​A Living Rebuke

As World War II was nearing its end, and the conundrum of an Eastern Europe “liberated” from Hitler by the Soviet Union was becoming a hot-button issue, Winston Churchill warned Soviet dictator Josef Stalin about the power of the Catholic Church in these countries. Without missing a beat, Stalin countered, “How many divisions does the pope of Rome have?”

As a former seminary student, Stalin should have known better than to regard religious opposition to Communism in strictly military terms. He should have remembered from his “bourgeois morality” days the symbolic power of a persecuted religious figure; of how the very suffering of such a figure could provide a living rebuke to totalitarianism.

József Mindszenty (March 29, 1892–May 6, 1975) was such a figure. This “Prince Primate” and leader of the Catholic Church in Hungary needed no military divisions to expose what Josef Goebbels once called the “big lie.” His imprisonment and torture by the Hungarian Communist regime (in addition to beating him with rubber truncheons his captors slipped mind-altering drugs into his food) invalidated the slogan voiced by the American Communist Party during the 1930s: “You can still take communion and support the Soviet Union.”

Mindszenty opposed totalitarianism early. The son of peasant farmers, he attended the Szombathely Diocesan Seminary. He was ordained a priest in 1915 by Bishop János Mikes. Mindszenty’s lifelong anti-Communism, which eventually resulted in his imprisonment, began soon afterward. For criticizing what he considered “the socialist policies” of the Minhály Károlyi government, he was arrested in 1919. Momentarily freed, he was again arrested when the Communist Bela Kun government marched into power.

But Mindszenty was also an opponent of Fascism. Unlike other priests who were compromised and then nourished by Fascism, he spoke out against the Hitler-like Arrow Cross Party in 1939. A year later he equated Hungarian Fascism with Hungarian Communism in an article entitled “The Green Communism” (green was the color of the Fascist regime ruling Hungary). This was in a period where Hitler and Stalin were military partners and the Soviet Party line demanded party members to sabotage any war preparation in anti-Nazi countries. “Fascism,” according to Soviet diplomat Vyacheslav Mikhailovich Molotov, was merely “a matter of taste.”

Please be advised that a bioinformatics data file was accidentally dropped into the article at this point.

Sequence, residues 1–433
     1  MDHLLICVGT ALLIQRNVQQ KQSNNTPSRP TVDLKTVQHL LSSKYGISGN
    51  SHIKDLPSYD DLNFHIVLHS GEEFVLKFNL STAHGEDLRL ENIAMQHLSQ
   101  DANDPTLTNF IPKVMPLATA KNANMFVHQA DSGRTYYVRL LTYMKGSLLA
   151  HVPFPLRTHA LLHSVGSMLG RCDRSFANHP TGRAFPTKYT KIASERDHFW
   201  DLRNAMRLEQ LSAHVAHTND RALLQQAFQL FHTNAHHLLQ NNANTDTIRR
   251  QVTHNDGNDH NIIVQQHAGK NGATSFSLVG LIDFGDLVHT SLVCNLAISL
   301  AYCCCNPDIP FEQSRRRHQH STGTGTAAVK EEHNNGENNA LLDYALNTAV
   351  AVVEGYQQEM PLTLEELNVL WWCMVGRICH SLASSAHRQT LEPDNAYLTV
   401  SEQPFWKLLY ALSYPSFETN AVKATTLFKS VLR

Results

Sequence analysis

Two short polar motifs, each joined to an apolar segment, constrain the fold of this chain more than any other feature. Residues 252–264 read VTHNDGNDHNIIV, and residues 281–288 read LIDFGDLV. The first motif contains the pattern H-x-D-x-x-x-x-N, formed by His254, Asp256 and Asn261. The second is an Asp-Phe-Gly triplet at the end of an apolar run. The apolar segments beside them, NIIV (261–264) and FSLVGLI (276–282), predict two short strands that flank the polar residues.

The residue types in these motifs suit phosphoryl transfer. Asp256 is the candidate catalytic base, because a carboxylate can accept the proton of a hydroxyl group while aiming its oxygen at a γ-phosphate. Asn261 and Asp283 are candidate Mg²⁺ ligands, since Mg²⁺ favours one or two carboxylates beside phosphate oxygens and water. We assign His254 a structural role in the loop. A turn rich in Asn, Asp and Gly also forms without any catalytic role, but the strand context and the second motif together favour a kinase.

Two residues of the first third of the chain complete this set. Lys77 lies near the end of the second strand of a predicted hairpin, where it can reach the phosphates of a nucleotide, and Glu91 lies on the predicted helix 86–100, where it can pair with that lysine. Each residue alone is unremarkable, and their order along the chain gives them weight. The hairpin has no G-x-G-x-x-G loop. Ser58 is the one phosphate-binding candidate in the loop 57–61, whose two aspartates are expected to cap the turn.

Mindszenty continued his attacks on the Arrow Cross Party, now in command of Hungary during World War II. He protested against the regime quartering soldiers in his religious palace and their treatment of Jews.

Then, after World War II ended, Mindszenty was appointed leader of the Hungarian Catholic Church. Hungary was by then a Soviet satellite, duplicating the police state tactics of the Kremlin. The Communist war against religion was in full swing by the ruling Hungarian Working People’s Party. They cut into the cardinal’s main source of income—lands owned by the church. They justified these seizures as a means to restore such “aristocratic lands” back to the workers. The result, however, was that the regime leaders kept the lands to enrich themselves.

Outraged, Mindszenty attacked the regime’s attempts to stifle the religious instruction of children by abolishing and then seizing the land of Catholic schools. In place of God, the regime sought to indoctrinate children away from God and into a slavish worship of Stalin. His form of protest involved him driving to villages and urging the populace to resist the regime’s attempts to seize their religious schools and property.

In a letter during this period—banned but somehow a copy made it to the West—he wrote: “Communism is a despicable ideology.”

The regime, headed by the Stalinist Matyas Rakosi, predictably blasted the cardinal as being a reactionary supporter of Fascism (during the Nazi occupation of Hungary he had defended Jews). In 1948 they used this portrayal as justification for arresting Mindszenty: he was charged with “treason,” followed by imprisonment. For defending himself against the charge of treason he was tortured into “a confession” of his “treachery.” (Mere moments before his arrest by the secret police he wrote a note intended for the church faithful, instructing them to disregard any “confession.”)

From the docket Mindszenty collaborated in the regime’s lies about him. He was accused of more than 40 “crimes,” one of which involved him urging Americans to invade Hungary so he could get his “land” back. The prosecutor’s summation stated that Cardinal Mindszenty had confessed to inciting “the American imperialists to declare war on our country.”

Obviously tortured, he provided the “confession” the regime had to beat out of him: “I am guilty on principle and in detail of most of the accusations made,” the cardinal said shakily. He disowned the disavowal he had written earlier. When asked why he had written it, he answered feebly, “I didn’t see certain things as I see them now.” He also stated that he attempted to aid “American imperialists to declare war on our country.”

The West, however, saw his “confession” as coerced.